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Line 5 Oil Pipeline System Spanning Michigan Has Had 29 Known Spills, Nearly Doubling the Number Previously Believed to Have Occurred

National Wildlife Federation releases data with map of spills totaling over 1 million gallons

ANN ARBOR, MICH. –Today the National Wildlife Federation released records of spills, ruptures, and equipment failures from an oil and natural gas liquids pipeline system operated by Enbridge Energy that runs through Wisconsin and Michigan’s Upper and Lower Peninsulas, crossing under the Straits of Mackinac. The data reveals that the system, known as Line 5, has experienced at least 29 spills, which have released more than 1 million gallons of oil and natural gas liquids, according to data from the Pipeline Hazardous Materials Safety Administration. This is nearly double the number previously believed to have occurred.

Enbridge Energy is the same company that owns and maintains the pipeline formerly known as Line 6B, which ruptured in 2010, by the U.S. Environmental Protection Agency’s account spilling more than 840,000 gallons of oil into Talmadge Creek and the Kalamazoo River.

“We have a pipeline system with a history of problems running through our country’s largest source of surface freshwater, and it happens to be operated by the company responsible for one of the largest inland oil spills in North America,” said Mike Shriberg, executive director for the National Wildlife Federation’s Great Lakes Regional Center. “This pipeline system places the Great Lakes and many local communities at an unacceptable risk. The state of Michigan needs to find an alternative to this risky pipeline to protect our drinking water, health, jobs, and way of life.”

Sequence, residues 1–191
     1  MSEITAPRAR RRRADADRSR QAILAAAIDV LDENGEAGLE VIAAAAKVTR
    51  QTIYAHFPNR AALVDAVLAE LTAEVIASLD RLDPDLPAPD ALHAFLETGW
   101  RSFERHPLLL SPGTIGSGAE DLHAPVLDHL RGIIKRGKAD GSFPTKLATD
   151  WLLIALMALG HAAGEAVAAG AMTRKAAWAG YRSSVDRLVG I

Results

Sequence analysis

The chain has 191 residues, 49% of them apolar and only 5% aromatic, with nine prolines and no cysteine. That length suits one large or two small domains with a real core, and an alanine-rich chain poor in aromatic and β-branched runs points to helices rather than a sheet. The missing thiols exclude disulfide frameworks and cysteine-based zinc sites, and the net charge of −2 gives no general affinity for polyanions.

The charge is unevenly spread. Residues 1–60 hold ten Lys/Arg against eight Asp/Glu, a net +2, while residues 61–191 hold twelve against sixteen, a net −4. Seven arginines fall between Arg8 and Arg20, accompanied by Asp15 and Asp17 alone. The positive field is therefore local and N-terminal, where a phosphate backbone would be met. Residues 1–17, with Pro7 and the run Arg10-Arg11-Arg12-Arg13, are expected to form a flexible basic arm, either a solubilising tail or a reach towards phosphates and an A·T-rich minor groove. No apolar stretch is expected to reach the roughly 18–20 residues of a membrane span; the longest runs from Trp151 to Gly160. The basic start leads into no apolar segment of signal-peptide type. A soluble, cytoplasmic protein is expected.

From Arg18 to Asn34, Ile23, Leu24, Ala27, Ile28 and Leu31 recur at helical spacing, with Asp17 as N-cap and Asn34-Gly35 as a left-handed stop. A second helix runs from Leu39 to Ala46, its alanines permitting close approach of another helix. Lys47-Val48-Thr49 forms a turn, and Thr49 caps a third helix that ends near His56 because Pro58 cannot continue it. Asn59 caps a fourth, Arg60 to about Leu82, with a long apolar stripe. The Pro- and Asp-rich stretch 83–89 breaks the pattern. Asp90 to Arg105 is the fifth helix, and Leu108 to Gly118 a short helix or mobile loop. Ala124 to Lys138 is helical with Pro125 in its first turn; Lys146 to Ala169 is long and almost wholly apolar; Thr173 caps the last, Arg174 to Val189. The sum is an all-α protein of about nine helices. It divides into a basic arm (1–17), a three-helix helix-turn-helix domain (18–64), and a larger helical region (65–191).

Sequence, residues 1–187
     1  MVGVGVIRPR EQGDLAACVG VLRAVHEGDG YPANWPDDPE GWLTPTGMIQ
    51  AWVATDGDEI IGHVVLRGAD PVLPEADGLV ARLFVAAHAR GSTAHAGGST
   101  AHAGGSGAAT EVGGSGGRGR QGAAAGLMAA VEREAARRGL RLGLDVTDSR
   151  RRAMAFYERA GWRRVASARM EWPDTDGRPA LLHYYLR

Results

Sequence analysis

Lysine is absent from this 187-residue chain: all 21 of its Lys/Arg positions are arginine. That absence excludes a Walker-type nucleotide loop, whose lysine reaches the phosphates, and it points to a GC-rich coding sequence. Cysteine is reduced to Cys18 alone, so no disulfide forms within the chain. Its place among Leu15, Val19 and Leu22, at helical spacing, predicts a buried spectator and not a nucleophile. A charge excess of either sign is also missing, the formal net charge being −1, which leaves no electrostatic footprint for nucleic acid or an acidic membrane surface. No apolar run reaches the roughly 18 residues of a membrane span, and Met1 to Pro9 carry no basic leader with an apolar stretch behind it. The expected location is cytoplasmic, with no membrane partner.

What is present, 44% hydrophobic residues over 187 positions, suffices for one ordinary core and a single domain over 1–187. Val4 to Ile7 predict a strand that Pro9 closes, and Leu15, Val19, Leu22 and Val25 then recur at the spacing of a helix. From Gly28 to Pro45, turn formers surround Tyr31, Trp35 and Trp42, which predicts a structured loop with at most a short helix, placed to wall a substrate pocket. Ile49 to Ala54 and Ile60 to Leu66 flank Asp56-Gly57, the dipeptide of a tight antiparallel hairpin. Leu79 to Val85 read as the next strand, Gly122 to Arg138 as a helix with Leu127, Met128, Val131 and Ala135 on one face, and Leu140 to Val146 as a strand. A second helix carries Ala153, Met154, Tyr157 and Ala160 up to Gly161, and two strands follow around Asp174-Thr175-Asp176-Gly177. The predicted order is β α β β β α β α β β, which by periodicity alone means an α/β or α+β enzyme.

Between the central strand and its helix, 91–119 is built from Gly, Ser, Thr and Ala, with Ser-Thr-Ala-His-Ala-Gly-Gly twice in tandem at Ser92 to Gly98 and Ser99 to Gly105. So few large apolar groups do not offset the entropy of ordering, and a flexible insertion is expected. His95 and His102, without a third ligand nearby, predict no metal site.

National Wildlife Federation’s new interactive map allows the public to better understand where and what has been spilled from Enbridge Energy’s pipeline system, the repair methods that have been used, and how leaks and defects are being discovered. The map can be accessed at:

Of the 29 recorded incidents, only one was listed as detected by a remote pipeline detection system, according to the records. By contrast, 15 releases were detected by local personnel or the public. The records do not reveal how the remainder of the releases were detected.

“This new information causes us grave concern about the integrity of the inland pipe system, inconsistencies with spill reporting, and the effectiveness of leak detection systems, repair methods, and long-term planning for the integrity of the decades-old pipeline system,” said Beth Wallace, the National Wildlife Federation pipeline safety specialist who discovered the newly released data. “A significant number of these releases note manufacturing and construction defects, as well as weld failure, which calls into question the overall integrity of the Line 5 system.”

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